Shakespeare writes in Hamlet that one purpose of art is “to hold as ‘twere the mirror up to nature.”1 One fundamental part of nature is our own human nature. Indeed, many artists endeavor to create works that lead us to examine, question, reflect on, and marvel at the human experience.
Ronald Lockett, whose work was on display this semester in a special exhibit in Ackland Art Museum, is one such artist. He created a wide array of works that explored topics such as isolation and suffering, sometimes focusing on tragic events like the Holocaust or the 1995 bombing of Oklahoma City. One of the defining elements of Lockett’s own nature came to light sometime in 1994 when he discovered he had contracted HIV. In response Lockett created two works, both entitled Fever Within. These were both on display in the Ackland, and the two are the exhibit’s namesake.
Here at HHIVE, we believe that these two works, among others, offer tremendous insight into how he viewed himself and his disease following his HIV diagnosis. So, what can we learn from Fever Within?
For me, the first word association I had with both works was “isolation”. The two works both feature a solitary figure sitting cross-legged on a platform, isolated against an otherwise empty background. Their features are blank – they are nameless and faceless. In one, a woman has her head turned up toward the sky, perhaps appealing to an invisible God. The backgrounds are plain and devoid of any other discernable shapes or patterns. The result of this is that both figures look truly, profoundly, even disturbingly alone. At a distance, the figures begin to fade into the background, becoming almost undiscernible from the rest of the works. Lockett may have felt exactly like that – alone and isolated. An afterthought with no help or hope around him. Sadly, this was and still is the outlook for many who are diagnosed with HIV.
The media choice is fascinating as well. For both works, Lockett repurposed old tin siding, complete with rust and oxidized paint. He hammered, cut, punctured and colored the metal to achieve his purpose. The overall effect is rather intimidating; sharp edges and rusty points abound all over the works, especially the figures, who were painstakingly cut or outlined into the metal. I hesitated to get too close, afraid to accidentally brush up against one of the jagged parts. This is akin to how many people interact with those who are sick – maintaining a safe distance and thereby totally isolating the sick person.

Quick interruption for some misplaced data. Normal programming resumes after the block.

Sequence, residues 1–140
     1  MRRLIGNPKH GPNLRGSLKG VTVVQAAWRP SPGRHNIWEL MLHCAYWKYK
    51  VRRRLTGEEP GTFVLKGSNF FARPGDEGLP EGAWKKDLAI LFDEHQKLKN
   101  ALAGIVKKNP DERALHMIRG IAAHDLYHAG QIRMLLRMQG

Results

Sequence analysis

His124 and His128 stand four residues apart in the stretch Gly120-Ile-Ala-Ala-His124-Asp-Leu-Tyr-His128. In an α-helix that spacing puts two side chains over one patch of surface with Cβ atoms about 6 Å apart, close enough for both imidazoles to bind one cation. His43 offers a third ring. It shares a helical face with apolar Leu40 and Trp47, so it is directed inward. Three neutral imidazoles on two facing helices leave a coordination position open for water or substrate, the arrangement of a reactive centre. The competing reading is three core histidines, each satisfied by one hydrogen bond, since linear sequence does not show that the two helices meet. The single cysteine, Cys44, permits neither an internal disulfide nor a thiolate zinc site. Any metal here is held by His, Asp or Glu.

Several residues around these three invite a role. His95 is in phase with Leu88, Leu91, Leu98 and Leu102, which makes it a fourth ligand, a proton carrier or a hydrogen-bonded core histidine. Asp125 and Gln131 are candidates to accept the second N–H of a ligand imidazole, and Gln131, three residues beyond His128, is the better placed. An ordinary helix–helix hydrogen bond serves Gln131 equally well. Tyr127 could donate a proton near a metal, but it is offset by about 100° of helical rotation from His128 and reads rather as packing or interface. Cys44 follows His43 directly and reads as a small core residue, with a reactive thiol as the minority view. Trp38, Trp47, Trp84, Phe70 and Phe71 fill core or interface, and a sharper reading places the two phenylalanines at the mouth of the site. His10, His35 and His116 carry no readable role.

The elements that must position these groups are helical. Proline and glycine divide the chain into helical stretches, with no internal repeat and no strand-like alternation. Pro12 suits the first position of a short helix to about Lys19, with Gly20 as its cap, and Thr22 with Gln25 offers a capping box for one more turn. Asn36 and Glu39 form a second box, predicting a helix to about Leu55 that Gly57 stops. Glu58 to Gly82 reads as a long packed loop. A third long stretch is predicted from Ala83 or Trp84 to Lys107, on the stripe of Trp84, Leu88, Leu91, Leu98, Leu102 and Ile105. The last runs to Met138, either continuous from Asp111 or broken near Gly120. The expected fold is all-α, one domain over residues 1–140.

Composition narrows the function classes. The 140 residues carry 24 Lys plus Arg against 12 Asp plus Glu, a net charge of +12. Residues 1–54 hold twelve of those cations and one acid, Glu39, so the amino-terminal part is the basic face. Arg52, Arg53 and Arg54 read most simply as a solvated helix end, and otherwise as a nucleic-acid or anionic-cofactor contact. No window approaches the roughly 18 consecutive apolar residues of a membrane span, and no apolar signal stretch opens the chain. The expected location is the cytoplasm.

That might have been how Lockett himself felt, afraid that the world would view him and his illness as dangerous, leading him to feel completely isolated as well. The metal once had a use as siding or shelter in a farm building but had since been discarded, viewed as if its usefulness had worn out. This served as a reminder to Lockett of his own mortality, especially in the light of his diagnosis.
Information like this is of paramount importance to many groups of people, both inside and outside the field of medicine. Knowledge of how people view themselves and the world around them in the light of their circumstances (time, place, diagnosis, or otherwise) allows us to better understand each other, and it might enable practitioners to provide even better care, targeted to meet the specific medical, physical, and emotional needs in an unprecedented sort of way.